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hab·it (hăbĭt)
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n.
1.
a. A recurrent, often unconscious pattern of behavior that is acquired through frequent repetition: made a habit of going to bed early.
b. An established disposition of the mind or character: a pessimistic habit.
c. Customary manner or practice: an early riser by habit.
d. An addiction, especially to a narcotic drug.
2. Characteristic appearance, form, or manner of growth, especially of a plant or crystal: "The habit of an apple tree is fine for the small garden" (Robert Dash).
3.
a. A distinctive set of clothing or style of dressing, especially of a religious order.
b. A riding habit.
4. Archaic Physical constitution.
tr.v. hab·it·ed, hab·it·ing, hab·its
1. To clothe; dress.
2. To clothe in a habit, especially a nun's habit.

[Middle English, clothing, from Old French, clothing, behavior, custom, from Latin habitus, from past participle of habēre, to have; see ghabh- in the Appendix of Indo-European roots.]

Synonyms: habit, practice, custom, wont
These nouns denote patterns of behavior established by continual repetition. Habit applies to a behavior or practice so ingrained that it is often done without conscious thought: "Habit rules the unreflecting herd" (William Wordsworth).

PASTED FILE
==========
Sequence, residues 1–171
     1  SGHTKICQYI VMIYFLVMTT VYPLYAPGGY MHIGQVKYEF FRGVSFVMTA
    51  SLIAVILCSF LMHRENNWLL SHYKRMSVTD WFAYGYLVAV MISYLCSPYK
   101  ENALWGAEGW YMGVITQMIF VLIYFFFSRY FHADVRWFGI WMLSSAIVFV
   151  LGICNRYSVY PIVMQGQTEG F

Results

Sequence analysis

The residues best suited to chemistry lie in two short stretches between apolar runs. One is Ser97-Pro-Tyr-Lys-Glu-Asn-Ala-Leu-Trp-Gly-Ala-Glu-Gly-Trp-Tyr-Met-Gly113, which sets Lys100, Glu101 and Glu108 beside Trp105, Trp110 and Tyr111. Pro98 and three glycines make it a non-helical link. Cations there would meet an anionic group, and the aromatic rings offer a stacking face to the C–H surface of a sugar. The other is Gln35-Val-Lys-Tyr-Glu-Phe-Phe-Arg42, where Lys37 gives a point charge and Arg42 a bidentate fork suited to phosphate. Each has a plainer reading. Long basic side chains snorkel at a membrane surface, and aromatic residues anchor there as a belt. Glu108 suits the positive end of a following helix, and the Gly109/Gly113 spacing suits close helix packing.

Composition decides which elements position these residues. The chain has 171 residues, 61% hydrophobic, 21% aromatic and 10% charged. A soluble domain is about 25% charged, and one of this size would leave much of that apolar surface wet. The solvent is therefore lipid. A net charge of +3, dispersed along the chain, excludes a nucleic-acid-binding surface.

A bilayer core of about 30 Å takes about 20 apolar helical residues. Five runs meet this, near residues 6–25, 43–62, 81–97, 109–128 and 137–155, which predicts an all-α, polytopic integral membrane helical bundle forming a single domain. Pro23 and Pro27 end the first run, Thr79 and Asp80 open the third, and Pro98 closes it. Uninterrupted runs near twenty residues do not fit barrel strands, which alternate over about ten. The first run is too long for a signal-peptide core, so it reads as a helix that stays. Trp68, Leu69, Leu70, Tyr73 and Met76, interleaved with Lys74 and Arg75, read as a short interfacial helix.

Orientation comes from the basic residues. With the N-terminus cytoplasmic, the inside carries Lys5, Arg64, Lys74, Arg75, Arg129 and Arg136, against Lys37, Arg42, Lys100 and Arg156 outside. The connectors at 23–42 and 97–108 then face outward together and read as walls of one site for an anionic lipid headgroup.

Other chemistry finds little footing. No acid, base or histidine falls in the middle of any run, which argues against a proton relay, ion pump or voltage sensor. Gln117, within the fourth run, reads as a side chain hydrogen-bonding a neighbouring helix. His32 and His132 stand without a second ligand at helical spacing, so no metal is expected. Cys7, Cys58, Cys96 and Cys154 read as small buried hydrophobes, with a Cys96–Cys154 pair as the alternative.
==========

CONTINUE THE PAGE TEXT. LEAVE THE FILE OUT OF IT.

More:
Practice denotes an often chosen pattern of individual or group behavior: "You will find it a very good practice always to verify your references, sir" (Martin Joseph Routh).
Custom is behavior as established by long practice and especially by accepted conventions: "No written law has ever been more binding than unwritten custom supported by popular opinion" (Carrie Chapman Catt).
Wont refers to a customary and distinctive practice: "Miss Roxy sat bolt upright, as was her wont" (Harriet Beecher Stowe).

The American Heritage® Dictionary of the English Language, Fifth Edition copyright ©2016 by Houghton Mifflin Harcourt Publishing Company. All rights reserved.
 

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